Did you know elephants can get herpes and die from it?

12 August 2020

Posted by: Mia Rozenbaum

Category: Research & medical benefits

Did you know elephants can get herpes and die from it?  

Herpesviruses are a very broad family which can infect a wide range of animals, and Asian elephants are one of them. But despite nearly two decades of research, the elephant endotheliotropic herpesvirus remains largely unknown. However, scientists have finally discovered where the deadly virus replicates in the body and can now move on to studying the disease in cell cultures. A huge win for an endangered species threatened by more than just this virus.  

When you think herpes, your thoughts don’t immediately go to elephants, and for a reason. Herpesviruses are very common within human populations, causing cold sores and fever blisters on various parts of the body. In the US, about half of human adolescents and adults under the age of 50 are infected with the herpes simplex virus (HSV)-1, and about one in eight are infected with HSV-2. 

So, when you first encounter the virus, it is usually in the form of a small pimple on the corner of a mouth, rather than a deadly disease that can kill elephants. 

Herpesviruses affect a wide range of animals 

The reality is that the herpesvirus family is very large and can affect a wide variety of animals. For instance, the equine herpes virus targets the respiratory, reproductive and central nervous systems, and gradually spreads throughout the body.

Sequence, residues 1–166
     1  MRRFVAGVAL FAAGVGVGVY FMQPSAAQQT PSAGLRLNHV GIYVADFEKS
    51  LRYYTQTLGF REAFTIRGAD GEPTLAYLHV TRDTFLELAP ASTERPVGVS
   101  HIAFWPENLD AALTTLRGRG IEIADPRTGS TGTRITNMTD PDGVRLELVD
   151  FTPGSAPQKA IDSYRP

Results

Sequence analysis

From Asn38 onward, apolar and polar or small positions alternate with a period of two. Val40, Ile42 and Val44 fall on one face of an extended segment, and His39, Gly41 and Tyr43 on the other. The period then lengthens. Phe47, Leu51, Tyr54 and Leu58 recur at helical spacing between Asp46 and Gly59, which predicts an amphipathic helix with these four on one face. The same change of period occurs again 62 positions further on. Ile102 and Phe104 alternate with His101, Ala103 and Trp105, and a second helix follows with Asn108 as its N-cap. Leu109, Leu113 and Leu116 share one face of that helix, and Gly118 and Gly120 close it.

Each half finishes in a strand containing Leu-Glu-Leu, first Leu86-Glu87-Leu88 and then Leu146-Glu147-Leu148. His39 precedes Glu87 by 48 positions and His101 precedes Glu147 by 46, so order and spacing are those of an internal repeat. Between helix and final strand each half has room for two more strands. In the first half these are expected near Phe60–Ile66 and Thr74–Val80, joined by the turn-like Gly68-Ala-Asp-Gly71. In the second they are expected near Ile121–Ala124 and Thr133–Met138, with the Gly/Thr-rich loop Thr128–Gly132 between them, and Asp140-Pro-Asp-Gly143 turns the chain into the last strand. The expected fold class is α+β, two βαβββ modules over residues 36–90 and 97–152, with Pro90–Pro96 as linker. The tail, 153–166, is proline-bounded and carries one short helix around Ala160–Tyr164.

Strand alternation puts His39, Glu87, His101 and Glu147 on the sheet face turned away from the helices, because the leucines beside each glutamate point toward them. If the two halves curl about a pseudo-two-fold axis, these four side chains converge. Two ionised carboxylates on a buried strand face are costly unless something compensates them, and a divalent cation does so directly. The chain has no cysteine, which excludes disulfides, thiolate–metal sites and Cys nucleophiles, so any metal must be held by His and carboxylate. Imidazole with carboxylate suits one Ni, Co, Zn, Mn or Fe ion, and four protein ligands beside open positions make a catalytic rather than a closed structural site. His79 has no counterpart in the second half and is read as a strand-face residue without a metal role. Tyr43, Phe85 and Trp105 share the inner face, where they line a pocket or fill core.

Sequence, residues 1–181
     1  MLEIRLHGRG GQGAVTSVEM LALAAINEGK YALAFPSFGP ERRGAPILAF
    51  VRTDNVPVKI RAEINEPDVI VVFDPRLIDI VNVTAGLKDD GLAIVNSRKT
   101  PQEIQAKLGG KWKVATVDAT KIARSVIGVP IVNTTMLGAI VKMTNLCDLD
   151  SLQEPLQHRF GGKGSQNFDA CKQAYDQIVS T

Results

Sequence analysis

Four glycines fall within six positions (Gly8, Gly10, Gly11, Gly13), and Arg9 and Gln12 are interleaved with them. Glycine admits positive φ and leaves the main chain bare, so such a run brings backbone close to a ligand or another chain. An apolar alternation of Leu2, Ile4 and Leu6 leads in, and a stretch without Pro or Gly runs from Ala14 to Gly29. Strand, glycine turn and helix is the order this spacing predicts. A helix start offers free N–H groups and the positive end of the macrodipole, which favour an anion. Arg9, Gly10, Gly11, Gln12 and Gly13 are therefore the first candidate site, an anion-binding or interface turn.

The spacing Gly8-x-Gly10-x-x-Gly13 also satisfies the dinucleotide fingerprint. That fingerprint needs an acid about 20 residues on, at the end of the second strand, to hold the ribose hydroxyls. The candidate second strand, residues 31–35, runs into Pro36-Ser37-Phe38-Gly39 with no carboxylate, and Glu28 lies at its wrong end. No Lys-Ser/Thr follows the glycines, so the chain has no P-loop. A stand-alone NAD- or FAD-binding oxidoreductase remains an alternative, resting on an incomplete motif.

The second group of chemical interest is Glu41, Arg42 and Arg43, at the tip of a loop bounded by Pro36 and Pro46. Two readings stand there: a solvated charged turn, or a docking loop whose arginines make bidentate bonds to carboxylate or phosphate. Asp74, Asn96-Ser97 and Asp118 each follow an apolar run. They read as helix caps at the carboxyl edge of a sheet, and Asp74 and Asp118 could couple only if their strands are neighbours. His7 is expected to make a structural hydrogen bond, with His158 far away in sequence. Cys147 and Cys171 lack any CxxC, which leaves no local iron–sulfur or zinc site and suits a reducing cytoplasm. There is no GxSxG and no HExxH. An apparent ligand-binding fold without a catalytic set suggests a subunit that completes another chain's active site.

Fortunately, you cannot catch herpes from an elephant or a horse. Each species has its own herpes virus that can cause various symptoms.  

Nine of these viruses infect humans, five of which are extremely widespread. You probably have come across someone with either HSV-1, HSV-2, the varicella zoster virus which causes chickenpox and shingles, the Epstein–Barr virus implicated in several diseases including mononucleosis and some cancers, and the cytomegalovirus - more than 90% of adults have been infected with at least one of these.   

Herpesviruses are known to share six hallmark characteristics: ubiquity, latency, incurability, reactivation, unapparent infection, and opportunistic infection.  

But for juvenile Asian elephants worldwide, a herpesvirus from the subfamily Betaherpesvirinae, called elephant endotheliotropic herpesvirus (EEHV), can be rapidly deadly. For reasons that are not yet understood, approximately 20% of Asian elephant calves appear to be susceptible to the disease when primary infections are not controlled by normal immune responses. 

The elephant herpesvirus can cause a haemorrhagic disease  

The virus causes an acute haemorrhagic disease called elephant endotheliotropic herpesvirus-hemorrhagic disease (EEHV-HD) which can result in death within 24 hours of infection especially in elephants younger than 8 years old with mortality rate of up to 85%. 

Discovered in 1999, the disease remains largely unknown. Little is known about how it is spread and which part of the body it infects. Much of what underlies EEHV-HD remains uncertain or controversial, including which tissues and cell types are permissive for EEHV infection and replication. This despite extensive analysis of the EEHV’s genome.